“Pathogens are among the most ancient, numerous and powerful forms of life (and near-life) on the planet. These replication machines possess the power to shape not only our societies, but all life on earth. From the benign to the lethal, viruses, bacteria, prions and other disease-causing agents are the perfect literary subjects.”
“Antarctica is a place of extremes: coldest place on earth; home of the world’s largest desert; land of constant sun and constant night. So it stands to reason that Antarctica draws only the most intrepid and unique individuals.
While the continent has no permanent population, numerous scientists and support staff are scattered across its surface. It is here, by design, that Antarctica is meant to avoid at least one polarizing factor: politics. Operated under the Antarctic Treaty System, the South Pole is meant to be a brumal Eden of science, where research centers are freed from the political binds that exist in the world above.”
Blatt’s approach sounds unorthodox, because, as he so aptly notes, we are used to studying literature in a granular way. We spend days, weeks, months on the reading and analysis of one work. We draw conclusions about culture and place until we exsanguinate it, and then we place it within a broader canon. What Blatt’s numbers can do is study the aggregate, massive swaths of work that can reveal broader trends than any single book can. More data, as far as science is concerned, is always better. The more points one can make coalesce into a picture, the better the odds of that picture being accurate.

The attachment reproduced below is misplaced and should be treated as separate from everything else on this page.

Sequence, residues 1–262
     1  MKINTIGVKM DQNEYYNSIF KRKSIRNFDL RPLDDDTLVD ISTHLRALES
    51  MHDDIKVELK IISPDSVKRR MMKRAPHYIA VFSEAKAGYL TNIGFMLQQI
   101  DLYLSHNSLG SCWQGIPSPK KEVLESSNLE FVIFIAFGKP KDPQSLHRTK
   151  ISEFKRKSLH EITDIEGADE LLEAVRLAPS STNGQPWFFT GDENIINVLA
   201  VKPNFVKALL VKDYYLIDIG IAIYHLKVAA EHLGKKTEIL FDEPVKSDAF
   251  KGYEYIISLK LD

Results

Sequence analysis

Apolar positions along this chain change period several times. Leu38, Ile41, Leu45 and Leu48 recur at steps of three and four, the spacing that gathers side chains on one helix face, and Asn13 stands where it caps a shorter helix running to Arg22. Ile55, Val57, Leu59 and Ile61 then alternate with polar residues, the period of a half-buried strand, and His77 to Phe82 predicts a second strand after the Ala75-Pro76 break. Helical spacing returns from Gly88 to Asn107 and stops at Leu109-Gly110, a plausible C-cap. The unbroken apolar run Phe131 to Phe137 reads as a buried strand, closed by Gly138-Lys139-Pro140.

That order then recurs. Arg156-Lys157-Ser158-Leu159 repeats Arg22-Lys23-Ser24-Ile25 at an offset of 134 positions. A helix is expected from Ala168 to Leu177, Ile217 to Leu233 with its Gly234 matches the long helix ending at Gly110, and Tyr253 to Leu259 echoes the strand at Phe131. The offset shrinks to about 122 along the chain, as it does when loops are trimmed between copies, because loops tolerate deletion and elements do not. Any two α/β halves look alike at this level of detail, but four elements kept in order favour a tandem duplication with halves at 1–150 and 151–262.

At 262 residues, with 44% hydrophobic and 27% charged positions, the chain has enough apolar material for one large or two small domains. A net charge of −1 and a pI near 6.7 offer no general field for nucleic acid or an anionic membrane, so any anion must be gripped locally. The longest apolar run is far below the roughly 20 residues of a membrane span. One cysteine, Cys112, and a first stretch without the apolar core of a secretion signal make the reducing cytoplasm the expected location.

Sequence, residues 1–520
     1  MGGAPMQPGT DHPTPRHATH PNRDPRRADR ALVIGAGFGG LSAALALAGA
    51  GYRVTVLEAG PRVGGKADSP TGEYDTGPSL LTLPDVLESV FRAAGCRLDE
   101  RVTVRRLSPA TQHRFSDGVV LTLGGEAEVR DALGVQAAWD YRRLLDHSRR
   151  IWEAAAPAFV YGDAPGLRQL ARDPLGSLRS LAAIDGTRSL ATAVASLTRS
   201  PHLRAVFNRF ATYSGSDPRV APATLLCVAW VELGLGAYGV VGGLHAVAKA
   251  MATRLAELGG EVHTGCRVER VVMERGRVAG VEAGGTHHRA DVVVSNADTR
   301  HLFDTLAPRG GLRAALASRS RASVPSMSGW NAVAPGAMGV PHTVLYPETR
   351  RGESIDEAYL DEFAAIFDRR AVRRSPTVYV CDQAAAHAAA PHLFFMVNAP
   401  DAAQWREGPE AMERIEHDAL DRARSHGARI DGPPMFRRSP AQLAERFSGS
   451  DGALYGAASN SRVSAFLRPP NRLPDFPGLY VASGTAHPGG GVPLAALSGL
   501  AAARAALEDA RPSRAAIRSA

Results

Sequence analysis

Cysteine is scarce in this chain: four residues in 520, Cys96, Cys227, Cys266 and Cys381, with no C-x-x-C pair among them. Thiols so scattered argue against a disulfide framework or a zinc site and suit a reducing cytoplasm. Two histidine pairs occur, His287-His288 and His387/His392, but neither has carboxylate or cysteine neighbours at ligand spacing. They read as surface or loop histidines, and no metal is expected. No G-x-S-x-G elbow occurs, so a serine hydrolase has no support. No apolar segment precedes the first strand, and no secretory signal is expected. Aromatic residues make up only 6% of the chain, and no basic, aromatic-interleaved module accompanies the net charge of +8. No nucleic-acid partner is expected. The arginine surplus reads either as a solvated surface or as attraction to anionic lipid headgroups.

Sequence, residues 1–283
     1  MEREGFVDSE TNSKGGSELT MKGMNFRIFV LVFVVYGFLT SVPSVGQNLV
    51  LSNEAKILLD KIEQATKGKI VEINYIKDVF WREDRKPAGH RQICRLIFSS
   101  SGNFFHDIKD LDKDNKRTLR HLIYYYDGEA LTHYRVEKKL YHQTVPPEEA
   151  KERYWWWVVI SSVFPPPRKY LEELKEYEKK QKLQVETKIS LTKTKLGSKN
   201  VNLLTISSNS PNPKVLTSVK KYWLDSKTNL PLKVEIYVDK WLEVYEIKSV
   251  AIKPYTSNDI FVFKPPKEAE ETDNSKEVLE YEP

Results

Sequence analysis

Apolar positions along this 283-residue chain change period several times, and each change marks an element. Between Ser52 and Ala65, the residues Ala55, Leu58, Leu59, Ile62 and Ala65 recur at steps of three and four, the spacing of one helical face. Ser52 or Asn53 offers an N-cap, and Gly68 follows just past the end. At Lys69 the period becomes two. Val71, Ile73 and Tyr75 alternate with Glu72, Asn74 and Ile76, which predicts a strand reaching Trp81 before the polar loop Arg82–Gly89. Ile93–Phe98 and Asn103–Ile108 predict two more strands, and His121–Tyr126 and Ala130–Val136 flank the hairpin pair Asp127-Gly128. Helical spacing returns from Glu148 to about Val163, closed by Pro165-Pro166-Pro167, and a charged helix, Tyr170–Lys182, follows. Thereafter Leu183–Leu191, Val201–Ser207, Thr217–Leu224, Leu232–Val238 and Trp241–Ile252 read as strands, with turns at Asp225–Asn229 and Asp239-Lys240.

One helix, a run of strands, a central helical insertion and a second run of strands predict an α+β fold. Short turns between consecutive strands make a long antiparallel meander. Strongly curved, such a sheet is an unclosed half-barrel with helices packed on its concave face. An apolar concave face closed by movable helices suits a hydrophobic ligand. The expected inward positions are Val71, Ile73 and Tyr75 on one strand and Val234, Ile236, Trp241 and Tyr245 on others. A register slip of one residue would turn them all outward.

“Athletes, like everyone else, suffer from mental-health issues—ailments generally far more difficult to assess than a pulled muscle or broken bone. Unlike everyone else, however, athletes perform in controlled, quantified environments. A person who isn’t in training doesn’t always have crystal-clear markers for how an anxiety disorder impacts their life, but an athlete faces cold numbers every time they step on the field: distances run, assists made, goals scored, games won.”
“Lisa Randall is a Great Spider, in the most generous and pulchritudinous way such an analogue can be extended. She gathers a great many threads—some immediate, sticky, miring us in our day-to-day lives, and others thin, invisible, the incomprehensible ligature of existence—and weaves them into a web encompassing, in this particular instance, nothing less than the entirety of the Universe. She then shares this entirety with academic grace in the telescopic Dark Matter and the Dinosaurs: The Astounding Interconnectedness of the Universe.”